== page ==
To Andrew Marr, the history of Britain in the turbulent first half of the 20th century is "dark, funny, and surprising". So, you might add, was Marr's frisky performance in The Making of Modern Britain, bounding around on screen, arms and ears akimbo, giving full vent to an hitherto unseen talent for mimicry (including what must have been first ever televised impression of Joseph Chamberlain). He also focused an unflinching eye on the darker achievements of the Edwardians.
The Empire, for example. Marr troubled himself to remind us that, when the British did rule a quarter of the world they could be exceptionally cruel, especially down on the veldt. When 60,000 Boer farmers in their little South African republics stood up to the greatest empire the world had ever seen, the empire tottered. In what would nowadays be termed "an illegal war", the British failed miserably in battle, and resorted to a strategy that would be repeated with still greater barbarity on the Eastern Front in the Second World War – scorched earth. The British went about the systematic destruction of livestock, crops, 30,000 homesteads and rounded up 160,000 women and children in new "concentration camps". Marr's statistics of shame hit home like a bullet from a Lee-Enfield rifle. Through further military incompetence, some 26,000 Boer women and children died in those camps, of typhus and other diseases, 80 per cent under the age of 16. Surviving photographs of victims are Belsen-like. Dark, indeed.
Dark, also, was the Edwardian "science" of eugenics, a perversion of Darwinism that fermented in the mind of Francis Galton, who got the idea from studying the breeding standards and stud books of the Basset Hound Society. To Galton, human stock was no different to that of mutts; inheritance, rather than upbringing or education, was all. Therefore, the best route to imperial greatness was to discourage criminals and the feckless poor from breeding more of the same. Like the concentration camps, this doubtful British gift to the world offered inspiration to others, such as the German Racial Purity Society. Indeed, it is hard not to avoid the conclusion that the British Empire was simply a dummy run for the Third Reich, and that, had they known what was coming, many of our grandparents might merely have concluded that "Adolf went a bit too far".
As for fun, well, as Marr pointed out, life for the workers in Edwardian Britain was not just about pubs and poverty. Then, as now, there was also The Daily Mail, founded by Alfred Harmsworth, who coined the term "tabloid", and bequeathed to my trade the "man bites dog" guide to news values. As a former newspaper editor himself, Marr was visibly energised by the achievements of a man who produced "newspapers people actually wanted to read", that is to say to pay for. Still, the Mail's mix of sensational gossip, laughter and, above all, controversy is still doing good business for them today. Jan Moir, one suspects, would have done well under Harmsworth, probably slagging off Oscar Wilde or Lytton Strachey.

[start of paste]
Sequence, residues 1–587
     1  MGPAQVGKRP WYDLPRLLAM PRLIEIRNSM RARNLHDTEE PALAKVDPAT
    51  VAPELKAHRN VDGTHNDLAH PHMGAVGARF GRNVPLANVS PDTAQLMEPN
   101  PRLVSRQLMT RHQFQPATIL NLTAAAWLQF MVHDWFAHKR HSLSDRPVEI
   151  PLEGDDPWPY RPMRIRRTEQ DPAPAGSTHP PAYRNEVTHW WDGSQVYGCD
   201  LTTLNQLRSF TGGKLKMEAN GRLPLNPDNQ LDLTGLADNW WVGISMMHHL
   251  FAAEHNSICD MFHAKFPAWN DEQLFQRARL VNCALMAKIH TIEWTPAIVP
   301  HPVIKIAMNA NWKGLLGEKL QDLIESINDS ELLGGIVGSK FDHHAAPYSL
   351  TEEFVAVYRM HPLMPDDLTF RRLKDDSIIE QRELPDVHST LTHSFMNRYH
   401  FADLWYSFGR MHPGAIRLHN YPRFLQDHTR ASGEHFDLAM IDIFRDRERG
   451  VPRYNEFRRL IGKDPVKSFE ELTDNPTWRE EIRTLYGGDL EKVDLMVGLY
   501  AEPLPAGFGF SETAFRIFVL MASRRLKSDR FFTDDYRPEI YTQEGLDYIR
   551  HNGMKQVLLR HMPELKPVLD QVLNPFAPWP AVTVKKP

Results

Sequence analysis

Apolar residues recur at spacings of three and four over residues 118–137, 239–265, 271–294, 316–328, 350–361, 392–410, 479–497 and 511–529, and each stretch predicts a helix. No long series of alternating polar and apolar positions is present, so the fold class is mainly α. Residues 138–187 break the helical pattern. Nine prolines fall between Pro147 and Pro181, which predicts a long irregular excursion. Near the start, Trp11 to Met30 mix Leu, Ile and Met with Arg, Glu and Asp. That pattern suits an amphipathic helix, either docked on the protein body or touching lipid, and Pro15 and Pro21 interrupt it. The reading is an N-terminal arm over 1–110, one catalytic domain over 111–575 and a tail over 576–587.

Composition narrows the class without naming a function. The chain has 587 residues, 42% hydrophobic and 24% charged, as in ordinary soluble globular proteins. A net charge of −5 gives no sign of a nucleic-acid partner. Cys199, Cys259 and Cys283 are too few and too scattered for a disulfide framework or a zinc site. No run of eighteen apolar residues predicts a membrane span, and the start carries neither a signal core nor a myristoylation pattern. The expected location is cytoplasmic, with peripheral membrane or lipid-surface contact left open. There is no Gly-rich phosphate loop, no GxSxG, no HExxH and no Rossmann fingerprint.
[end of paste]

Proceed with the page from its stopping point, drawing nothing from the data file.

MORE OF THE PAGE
We no longer have the Edwardian music hall, but the British love affair with smut was also firmly entrenched a century ago, when comics and singers had to grab the attention of the audience before they were booed off the stage under a storm of steel rivets (traditional in Glasgow and Newcastle), rotten veg (the East End) or dead cats and dogs (everywhere). Music hall's most famous star, Marie Lloyd, possessed a facility for filthy suggestiveness that exceeds anything that can be found in alternative comedy or Channel 4 a century on. Attending a committee of the London County Council, who had become concerned about her licentious act, she baffled them by singing three of her most innuendo-laden numbers straight-faced, and then, with just the right intonation and a few wiggles and winks rendering the chaste Edwardian hit "Come into the Garden Maud" into the sort of thing that might make 50 Cent squirm. Sadly, no recording of that belter was made, but it proved, as Marr, put it, that Britain had talent and that mass-market vulgarity is nothing new, whatever the Mail might have us believe.
If Marr made you sometimes ashamed to be British, then Natural World made you feel pretty awful about being a member of the human race. Bearwalkers of the Northwoods was a surprisingly moving account of the life of Lynn Rogers who has dedicated his life to answering questions about what bears do in the woods of Minnesota, which could also be described as "dark, funny and surprising".
For example, the standard American black bear reproductive technique resembles what you or I might know in human terms as a "knee-trembler", the comic vision of which was only heightened by Rogers' tribute to one of his favourite bear's lovemaking skills – ""Big Harry is especially gentle". What is shameful is the fate of 96 per cent of these beautiful, intelligent, timid and sexually uninhibited creatures – to be shot by hunters for "sport". That was heartbreaking. A hundred years ago, President Theodore "Teddy" Roosevelt popularised bear hunting. Like some of our Edwardian forebears (no pun intended), he has a great deal to answer for.
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